• Women and Our Relationship with Money

    Hourglass Workshops was created to help women re-discover ourselves in our middle years to create a more passionate, colorful and full life. This includes relationships—in all forms. A loving, honest and caring relationship with oneself is paramount and the cornerstone to how we will thrive in mid-life and beyond. We also explore how to best create more powerful, passionate and loving relationships with our partner, as well as expand and enrich our friendships as we go through our many life transitions.

    However, to ensure a comfortable and secure midlife, women need to have a good, honest relationships with money. This time of life we are nervous about whether or not we have enough money to fund our future (which showed up much sooner than we expected!), especially given the past decade of financial uncertainty.

    Through most of our life, we may have turned over the financial responsibilities to our husband, and after a divorce, realize we know little about securing our own financial future. Or perhaps we were so busy working, raising our children and living life, we didn’t pay enough attention to our financial security.  It is NOT too late! One thing I’ve noticed is that women are socialized not to discuss money, “it’s just not polite”, or we’re made to feel we’re asking stupid questions or its something we feel we should know and don’t. Whether or not its polite is immaterial, it is necessary we understand money, investing, and our financial security.

    In September, we are offering a 3 evening series (Sept, 9,16,23) on “Empowering Women—Money and Their Future”. It is a seminar for women-only, and offers an opportunity to learn and share in a safe environment. The objective is to empower women to make good financial choices in the future, with the knowledge and confidence to do so.

    Won’t you join us? For more information, click to “Empowering Women—Money and Their Future”. You’ll be glad you did!

  • Travel—the Elixer of Life!

    Cafe in FranceFrom the age of 16, I’ve always loved to travel after a life-changing experience as an AFS exchange student to Brazil. With my newly issued passport, I clearly remember sitting in SFO waiting for a flight to New York City and then on to Rio De Janeiro. Looking back at my parents as they waved good-bye at the gate (obviously back in the pre-TSA days), I still remember the excitement, fear, and heightened sense of anticipation as I boarded on my very first flight. Since then, I seem to always be planning the “next trip”. I thrive on travel. Not only the trip itself, but the planning, anticipation and the pre-trip excitement. I just don’t understand people when they say they rarely ever go on vacation!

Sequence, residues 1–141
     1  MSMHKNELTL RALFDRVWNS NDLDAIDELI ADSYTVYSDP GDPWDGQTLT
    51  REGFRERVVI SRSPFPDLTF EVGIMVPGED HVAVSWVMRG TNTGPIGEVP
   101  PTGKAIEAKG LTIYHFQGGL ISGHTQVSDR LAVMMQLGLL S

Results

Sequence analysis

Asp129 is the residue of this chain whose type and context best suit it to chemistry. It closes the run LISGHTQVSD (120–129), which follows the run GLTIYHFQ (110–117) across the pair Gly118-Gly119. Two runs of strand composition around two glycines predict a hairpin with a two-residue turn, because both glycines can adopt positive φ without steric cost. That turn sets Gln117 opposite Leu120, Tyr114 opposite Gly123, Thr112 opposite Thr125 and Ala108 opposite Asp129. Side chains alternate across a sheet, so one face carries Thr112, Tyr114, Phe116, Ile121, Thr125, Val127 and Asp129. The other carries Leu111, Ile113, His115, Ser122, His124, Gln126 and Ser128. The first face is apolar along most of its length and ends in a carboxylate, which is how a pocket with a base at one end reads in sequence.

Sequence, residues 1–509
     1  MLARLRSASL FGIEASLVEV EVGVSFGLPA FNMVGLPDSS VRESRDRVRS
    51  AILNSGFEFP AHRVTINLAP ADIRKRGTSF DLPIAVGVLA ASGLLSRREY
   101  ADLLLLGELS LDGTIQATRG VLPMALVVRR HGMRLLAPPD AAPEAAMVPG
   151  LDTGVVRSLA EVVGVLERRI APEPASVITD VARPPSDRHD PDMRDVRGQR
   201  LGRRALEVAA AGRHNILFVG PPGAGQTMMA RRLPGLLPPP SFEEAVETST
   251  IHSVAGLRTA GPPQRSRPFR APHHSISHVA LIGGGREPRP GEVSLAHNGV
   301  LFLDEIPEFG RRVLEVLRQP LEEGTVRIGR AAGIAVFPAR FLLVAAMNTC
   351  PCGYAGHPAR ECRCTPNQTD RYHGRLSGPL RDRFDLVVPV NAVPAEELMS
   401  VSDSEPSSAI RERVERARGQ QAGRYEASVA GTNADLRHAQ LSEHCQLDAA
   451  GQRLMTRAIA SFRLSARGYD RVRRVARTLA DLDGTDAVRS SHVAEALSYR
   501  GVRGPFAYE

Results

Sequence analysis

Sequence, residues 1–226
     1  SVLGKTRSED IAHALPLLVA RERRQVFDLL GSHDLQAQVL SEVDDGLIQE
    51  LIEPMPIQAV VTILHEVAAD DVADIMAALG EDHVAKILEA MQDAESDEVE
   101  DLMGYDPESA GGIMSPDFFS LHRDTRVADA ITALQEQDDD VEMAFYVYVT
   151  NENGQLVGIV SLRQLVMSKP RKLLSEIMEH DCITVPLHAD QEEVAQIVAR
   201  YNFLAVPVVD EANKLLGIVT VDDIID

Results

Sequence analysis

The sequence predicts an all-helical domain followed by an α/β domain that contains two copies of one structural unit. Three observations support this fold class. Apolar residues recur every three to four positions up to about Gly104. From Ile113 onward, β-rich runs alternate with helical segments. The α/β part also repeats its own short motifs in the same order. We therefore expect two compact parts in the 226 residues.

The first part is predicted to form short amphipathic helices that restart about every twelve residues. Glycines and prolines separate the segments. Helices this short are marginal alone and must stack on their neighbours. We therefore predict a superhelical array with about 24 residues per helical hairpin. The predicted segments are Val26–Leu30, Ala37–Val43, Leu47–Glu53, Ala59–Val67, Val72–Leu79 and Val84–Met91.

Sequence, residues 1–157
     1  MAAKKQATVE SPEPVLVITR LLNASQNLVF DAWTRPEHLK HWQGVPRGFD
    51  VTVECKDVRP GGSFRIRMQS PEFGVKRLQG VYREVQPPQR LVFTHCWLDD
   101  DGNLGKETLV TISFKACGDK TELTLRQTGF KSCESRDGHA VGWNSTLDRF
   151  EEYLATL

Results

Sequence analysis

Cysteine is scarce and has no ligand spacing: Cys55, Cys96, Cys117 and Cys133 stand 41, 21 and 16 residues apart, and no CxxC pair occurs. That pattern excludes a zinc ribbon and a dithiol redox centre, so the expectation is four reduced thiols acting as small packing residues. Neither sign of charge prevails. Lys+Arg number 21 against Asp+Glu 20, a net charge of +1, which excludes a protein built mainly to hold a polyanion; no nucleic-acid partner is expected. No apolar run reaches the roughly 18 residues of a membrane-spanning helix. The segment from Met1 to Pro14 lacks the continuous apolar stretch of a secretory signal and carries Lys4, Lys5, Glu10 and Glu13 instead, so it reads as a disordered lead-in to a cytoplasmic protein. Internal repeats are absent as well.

With all its frustration, too small seats in crowded planes, extra fees, and petty inconveniences, travel continues to fully engage me and during trips I really stay in present. Studies show that travel improves our physical and mental well-being. I’m sure its partly due to the heightened awareness we have when we are out of our routines. Also, I always walk more when I’m on a trip than I ever seem to at home and it feels so effortless. (A real bonus is regardless of what I eat, I never gain weight while traveling.) I remember a recent trip to Paris and all the walking we did. Who hasn’t walked from dawn to dusk all over a new city, exploring streets, aware of architecture, people watching, and the variety of sights, smells and sounds? I have been keenly aware of the sensory feast in a Greek spice market, the sounds of waves crashing as we walked along on a Hawaiian beach, and the stunning vibrant autumn leaves along the Blue Ridge Highway in Virginia— all remain vivid reminders of travel. I was fully engaged in those experiences, my level of everyday stress was reduced, and I felt much more in the flow of life.

    In an excellent article published by the Global Coalition on Aging , the authors discuss the physical, mental and emotional benefits of travel. Perhaps it’s not that healthy people travel, rather people who travel and remain active are healthier! In one study, women who travel twice a year are statistically less likely to have a heart attack than those who travel once every 4 years! So, for your heart’s sake, plan a trip!

    There are many, many wonderful travel blogs and one I suggest is The World According to Barbara, a delightful travel log by a woman in mid-life…well written and inspiring.